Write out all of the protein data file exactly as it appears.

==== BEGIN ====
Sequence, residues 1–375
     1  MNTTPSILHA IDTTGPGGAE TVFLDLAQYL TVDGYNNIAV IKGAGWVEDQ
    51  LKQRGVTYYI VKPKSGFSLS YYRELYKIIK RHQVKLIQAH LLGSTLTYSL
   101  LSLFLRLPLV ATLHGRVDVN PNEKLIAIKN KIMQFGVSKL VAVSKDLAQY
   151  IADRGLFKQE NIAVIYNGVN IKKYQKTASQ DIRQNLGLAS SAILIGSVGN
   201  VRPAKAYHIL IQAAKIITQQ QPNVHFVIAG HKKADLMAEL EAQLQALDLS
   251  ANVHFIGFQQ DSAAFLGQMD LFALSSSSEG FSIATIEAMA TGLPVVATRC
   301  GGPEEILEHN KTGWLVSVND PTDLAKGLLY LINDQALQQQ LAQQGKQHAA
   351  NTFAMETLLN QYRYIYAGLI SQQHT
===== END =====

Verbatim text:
Sequence, residues 1–375
     1  MNTTPSILHA IDTTGPGGAE TVFLDLAQYL TVDGYNNIAV IKGAGWVEDQ
    51  LKQRGVTYYI VKPKSGFSLS YYRELYKIIK RHQVKLIQAH LLGSTLTYSL
   101  LSLFLRLPLV ATLHGRVDVN PNEKLIAIKN KIMQFGVSKL VAVSKDLAQY
   151  IADRGLFKQE NIAVIYNGVN IKKYQKTASQ DIRQNLGLAS SAILIGSVGN
   201  VRPAKAYHIL IQAAKIITQQ QPNVHFVIAG HKKADLMAEL EAQLQALDLS
   251  ANVHFIGFQQ DSAAFLGQMD LFALSSSSEG FSIATIEAMA TGLPVVATRC
   301  GGPEEILEHN KTGWLVSVND PTDLAKGLLY LINDQALQQQ LAQQGKQHAA
   351  NTFAMETLLN QYRYIYAGLI SQQHT